What Do All Communities Want?…
The United States is made up of thousands of communities of all sizes, shapes and opportunities for growth and improvement. There are many different factors that make these communities individual and special. Despite all of the differences, each community has a basic set of desires for its community. Achieving those basic, but very necessary desires is where your non-profit organization crosses with the community. What are those basic community desires?
- NO Crime! What does the community start to look like when crime is eradicated? Individual safety and liberty increase and fear decreases. Eliminating the criminal element from our communities requires more than just policing and incarceration. It requires the rebuilding of our communities and solid foundations within the community to be established again. The community and the non-profit organizations needs to foster environments that create opportunity, drive upward mobility and create support networks to provide necessary resources.
- NO Hunger! The hunger epidemic in this country is astonishing. In 2012, 49 million Americans lived in food insecure households. 15.9 million of those impacted were children. (Hunger and Poverty Statistics, 2014) Eliminating hunger in a community is the perfect opportunity for the non-profit organization to partner with the community. Community leaders and residents have the best working knowledge of the community and the challenges faced every day.
- NO Homelessness! Non-profits in Atlanta, Georgia launched the “Unsheltered No More” project to reduce homelessness in the Atlanta region. On any given night approximately 7,000 Atlanta residents are homeless. (Covent Atlanta – )Non-profits partnered with the community and Mayor Reed’s office to collaborate and achieve very aggressive homeless reduction goals. This initiative has provided housing to 800 homeless people as of December 2013 and will continue to make great strides in 2014. All through the combined efforts of non-profits and the community.
Investing in the Community…
How do you know what you should be doing? There are so many issues to deal with it can be very overwhelming.
- FOCUS – First and foremost, focus on the mission of your non-profit. If you are a food bank, then work with the community to expand the reach of your food bank. The result would be fewer hungry boys and girls, men and women. If your non-profit works with transitioning foster children, then focus on helping them successfully transition. The impact of successful transition is less crime and elimination of hunger.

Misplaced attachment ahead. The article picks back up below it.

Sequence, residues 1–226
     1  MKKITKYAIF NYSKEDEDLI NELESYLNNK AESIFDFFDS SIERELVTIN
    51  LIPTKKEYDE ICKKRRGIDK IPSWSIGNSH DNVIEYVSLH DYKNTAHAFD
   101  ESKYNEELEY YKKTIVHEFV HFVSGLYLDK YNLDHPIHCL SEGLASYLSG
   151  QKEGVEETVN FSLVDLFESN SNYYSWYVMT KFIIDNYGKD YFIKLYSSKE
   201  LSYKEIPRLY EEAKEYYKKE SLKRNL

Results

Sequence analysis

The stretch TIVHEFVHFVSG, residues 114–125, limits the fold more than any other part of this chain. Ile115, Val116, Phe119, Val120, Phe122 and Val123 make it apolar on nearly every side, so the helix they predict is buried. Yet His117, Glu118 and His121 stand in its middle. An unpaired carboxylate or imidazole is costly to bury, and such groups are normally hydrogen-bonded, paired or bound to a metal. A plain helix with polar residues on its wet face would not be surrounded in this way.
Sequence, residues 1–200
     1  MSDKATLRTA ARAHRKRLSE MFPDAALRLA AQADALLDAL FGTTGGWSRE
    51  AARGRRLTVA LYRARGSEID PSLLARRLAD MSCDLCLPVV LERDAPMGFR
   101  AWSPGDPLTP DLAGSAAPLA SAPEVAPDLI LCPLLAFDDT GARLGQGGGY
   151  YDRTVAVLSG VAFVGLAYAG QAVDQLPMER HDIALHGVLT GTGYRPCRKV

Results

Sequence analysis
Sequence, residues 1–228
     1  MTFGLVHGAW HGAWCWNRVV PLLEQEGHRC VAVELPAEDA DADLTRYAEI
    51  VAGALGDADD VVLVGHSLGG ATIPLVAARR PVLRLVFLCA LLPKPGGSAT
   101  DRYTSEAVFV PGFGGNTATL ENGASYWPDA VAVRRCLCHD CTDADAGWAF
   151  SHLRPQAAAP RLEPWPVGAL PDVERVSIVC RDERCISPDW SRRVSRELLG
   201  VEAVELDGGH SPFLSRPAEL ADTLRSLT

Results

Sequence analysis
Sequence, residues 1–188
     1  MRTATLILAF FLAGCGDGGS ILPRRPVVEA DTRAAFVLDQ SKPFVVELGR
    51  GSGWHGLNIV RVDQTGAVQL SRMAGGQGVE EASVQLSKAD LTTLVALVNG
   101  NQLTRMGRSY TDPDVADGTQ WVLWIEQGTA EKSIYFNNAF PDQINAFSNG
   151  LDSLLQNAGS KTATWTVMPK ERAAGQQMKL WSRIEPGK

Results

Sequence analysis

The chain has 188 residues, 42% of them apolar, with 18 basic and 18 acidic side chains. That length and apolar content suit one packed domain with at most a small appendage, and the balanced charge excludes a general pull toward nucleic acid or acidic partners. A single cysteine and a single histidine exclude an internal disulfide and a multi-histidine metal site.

- ANALYZE – Meet with community leaders to perform program evaluations. Call this whatever you want; needs analysis, program study, strategic planning…just meet with local leaders to define the needs.
- ASSESS RESOURCES – Identify the required leadership to implement the program. Do you have the right team to get the job done [board and staff]? If not, what is required to accomplish the agenda?
- REACH OUT – One of the most important areas in which to spend your time is enlarging your sphere of influence. Expand your reach with local government officials, business owners, key executives, and other non-profits organizations in the area. Expanding your sphere of influence can lead to an increased volunteer base, new channels of funding and many other unexpected contributions.
- COMMUNITY 411 – Keep everyone in your organization up to date on what other non-profits are doing to serve the need of the community. Make you sure the communication between organizations flows both ways to ensure efforts do not get duplicated overlap unintentionally. The open communication also allows your organization to pool its resources with another organization and improve operating efficiency.
- Walk the Talk
- Credibility is everything. If you do not do what you say you are going to do, your influence and respect will diminish quickly. Even if you can make only a little progress, most times it is the little things that influence and move people to take action.
- Take time to draft an annual “state of the union” for your non-profit. Detail your organization’s key accomplishments and the impact made throughout the year. Send this information to top community leaders, top business leaders, political officials and all donors. Maintaining relevance within the community is an important component to making a bigger impact year over year.
From a presentation to non-profit leaders by James Sloan